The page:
No MeSH data available.


Related in: MedlinePlus

Computed tomography of centrilobular nodules predominant pattern in two patients with M. pneumoniae pneumonia. Reproduced with permission from Tanaka et al. (2004).
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Figure 7: Computed tomography of centrilobular nodules predominant pattern in two patients with M. pneumoniae pneumonia. Reproduced with permission from Tanaka et al. (2004).

Mentions: Summary of pathological–radiological correlations and frequency of three major CT findings in 91 cases of adult M. pneumoniae pneumonia were shown in Figure 6. It was reported that M. pneumoniae pneumonia in the recovery phase showed predominantly centrilobular nodular patterns, which disclosed immunological inflammation remaining in the small airways (Tanaka et al., 1985). However, some patients demonstrated centrilobular nodules in the early phase of the pneumonia (Figure 7), which mimicking T-helper type 1 pulmonary host response in the mice model (Tanaka et al., 1996a).


Correlation between Radiological and Pathological Findings in Patients with Mycoplasma pneumoniae Pneumonia.

Tanaka H - Front Microbiol (2016)

Computed tomography of centrilobular nodules predominant pattern in two patients with M. pneumoniae pneumonia. Reproduced with permission from Tanaka et al. (2004).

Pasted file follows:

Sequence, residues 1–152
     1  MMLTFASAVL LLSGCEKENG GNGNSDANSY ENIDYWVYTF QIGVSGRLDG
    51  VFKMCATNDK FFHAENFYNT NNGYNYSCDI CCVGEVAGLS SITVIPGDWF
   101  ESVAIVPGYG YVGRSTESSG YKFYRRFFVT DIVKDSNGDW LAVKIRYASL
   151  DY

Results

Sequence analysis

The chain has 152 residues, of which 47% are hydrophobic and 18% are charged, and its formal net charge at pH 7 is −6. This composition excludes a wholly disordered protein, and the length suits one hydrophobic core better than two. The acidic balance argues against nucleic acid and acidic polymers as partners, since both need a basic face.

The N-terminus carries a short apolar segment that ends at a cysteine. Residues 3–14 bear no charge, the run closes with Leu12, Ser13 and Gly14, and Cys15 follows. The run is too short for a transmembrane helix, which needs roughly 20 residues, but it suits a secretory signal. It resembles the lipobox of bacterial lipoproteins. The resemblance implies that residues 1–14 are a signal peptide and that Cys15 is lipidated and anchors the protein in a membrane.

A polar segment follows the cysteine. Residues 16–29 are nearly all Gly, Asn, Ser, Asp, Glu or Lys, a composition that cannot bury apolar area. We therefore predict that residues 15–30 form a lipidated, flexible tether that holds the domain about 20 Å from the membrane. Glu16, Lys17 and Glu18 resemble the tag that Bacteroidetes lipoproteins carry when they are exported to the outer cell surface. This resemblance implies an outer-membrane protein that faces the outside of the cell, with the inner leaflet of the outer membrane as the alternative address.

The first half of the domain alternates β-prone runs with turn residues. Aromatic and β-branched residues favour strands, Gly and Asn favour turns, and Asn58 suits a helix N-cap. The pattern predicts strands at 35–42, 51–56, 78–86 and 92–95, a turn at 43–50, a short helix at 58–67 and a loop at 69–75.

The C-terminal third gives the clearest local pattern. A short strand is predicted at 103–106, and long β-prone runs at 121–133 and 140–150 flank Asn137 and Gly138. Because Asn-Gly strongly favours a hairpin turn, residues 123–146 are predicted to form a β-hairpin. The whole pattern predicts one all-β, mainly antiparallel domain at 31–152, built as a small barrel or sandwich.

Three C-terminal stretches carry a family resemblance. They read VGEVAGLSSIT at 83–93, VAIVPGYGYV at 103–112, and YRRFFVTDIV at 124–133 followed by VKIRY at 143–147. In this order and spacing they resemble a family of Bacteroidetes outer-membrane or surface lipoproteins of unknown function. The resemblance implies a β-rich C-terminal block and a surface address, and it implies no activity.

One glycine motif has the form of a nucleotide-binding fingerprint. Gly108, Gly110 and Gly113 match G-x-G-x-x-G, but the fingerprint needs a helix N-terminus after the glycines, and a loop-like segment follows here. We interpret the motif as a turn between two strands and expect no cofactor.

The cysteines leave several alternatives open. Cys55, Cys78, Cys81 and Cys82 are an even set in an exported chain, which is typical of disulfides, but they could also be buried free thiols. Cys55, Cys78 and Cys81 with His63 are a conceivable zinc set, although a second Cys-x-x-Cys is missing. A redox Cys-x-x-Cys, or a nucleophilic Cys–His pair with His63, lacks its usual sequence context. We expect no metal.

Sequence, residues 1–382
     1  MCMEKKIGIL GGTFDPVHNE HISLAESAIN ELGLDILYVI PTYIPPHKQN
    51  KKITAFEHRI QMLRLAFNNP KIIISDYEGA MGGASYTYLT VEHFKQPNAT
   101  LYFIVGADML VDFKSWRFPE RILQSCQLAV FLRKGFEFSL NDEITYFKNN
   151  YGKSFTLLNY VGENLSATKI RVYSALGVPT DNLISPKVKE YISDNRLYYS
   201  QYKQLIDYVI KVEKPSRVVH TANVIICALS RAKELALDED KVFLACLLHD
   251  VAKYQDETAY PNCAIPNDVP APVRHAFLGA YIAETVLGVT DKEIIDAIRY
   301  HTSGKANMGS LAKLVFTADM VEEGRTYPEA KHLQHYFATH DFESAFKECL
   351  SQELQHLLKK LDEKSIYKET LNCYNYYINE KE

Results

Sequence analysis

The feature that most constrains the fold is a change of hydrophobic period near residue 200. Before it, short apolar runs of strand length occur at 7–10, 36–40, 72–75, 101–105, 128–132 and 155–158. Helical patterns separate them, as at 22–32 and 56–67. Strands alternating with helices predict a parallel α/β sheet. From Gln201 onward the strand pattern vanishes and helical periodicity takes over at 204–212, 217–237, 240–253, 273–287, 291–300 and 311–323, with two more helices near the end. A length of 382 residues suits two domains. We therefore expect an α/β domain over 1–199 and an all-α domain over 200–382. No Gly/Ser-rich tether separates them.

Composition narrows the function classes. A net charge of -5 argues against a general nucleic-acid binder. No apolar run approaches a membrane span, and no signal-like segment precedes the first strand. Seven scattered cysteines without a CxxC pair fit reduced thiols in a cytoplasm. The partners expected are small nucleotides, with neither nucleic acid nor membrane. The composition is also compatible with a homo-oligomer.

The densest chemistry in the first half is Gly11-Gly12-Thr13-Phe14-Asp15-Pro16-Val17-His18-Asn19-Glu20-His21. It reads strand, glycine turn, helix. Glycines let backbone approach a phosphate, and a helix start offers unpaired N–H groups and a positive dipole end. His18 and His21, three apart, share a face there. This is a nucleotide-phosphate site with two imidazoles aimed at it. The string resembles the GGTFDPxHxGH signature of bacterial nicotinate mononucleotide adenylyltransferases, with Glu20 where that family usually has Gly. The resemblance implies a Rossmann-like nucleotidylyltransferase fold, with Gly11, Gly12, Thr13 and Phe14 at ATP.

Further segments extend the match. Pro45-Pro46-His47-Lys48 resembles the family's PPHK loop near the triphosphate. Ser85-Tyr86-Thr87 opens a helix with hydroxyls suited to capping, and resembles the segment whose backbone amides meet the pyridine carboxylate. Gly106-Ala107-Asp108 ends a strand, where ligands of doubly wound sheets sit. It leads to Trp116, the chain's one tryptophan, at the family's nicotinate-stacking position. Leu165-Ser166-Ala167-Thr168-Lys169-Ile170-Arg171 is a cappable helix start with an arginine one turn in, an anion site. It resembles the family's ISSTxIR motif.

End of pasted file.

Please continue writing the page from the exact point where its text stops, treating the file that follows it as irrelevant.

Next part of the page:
© Copyright Policy
Related In: Results  -  Collection

License
Show All Figures
getmorefigures.php?uid=PMC4862977&req=5

Figure 7: Computed tomography of centrilobular nodules predominant pattern in two patients with M. pneumoniae pneumonia. Reproduced with permission from Tanaka et al. (2004).
Mentions: Summary of pathological–radiological correlations and frequency of three major CT findings in 91 cases of adult M. pneumoniae pneumonia were shown in Figure 6. It was reported that M. pneumoniae pneumonia in the recovery phase showed predominantly centrilobular nodular patterns, which disclosed immunological inflammation remaining in the small airways (Tanaka et al., 1985). However, some patients demonstrated centrilobular nodules in the early phase of the pneumonia (Figure 7), which mimicking T-helper type 1 pulmonary host response in the mice model (Tanaka et al., 1996a).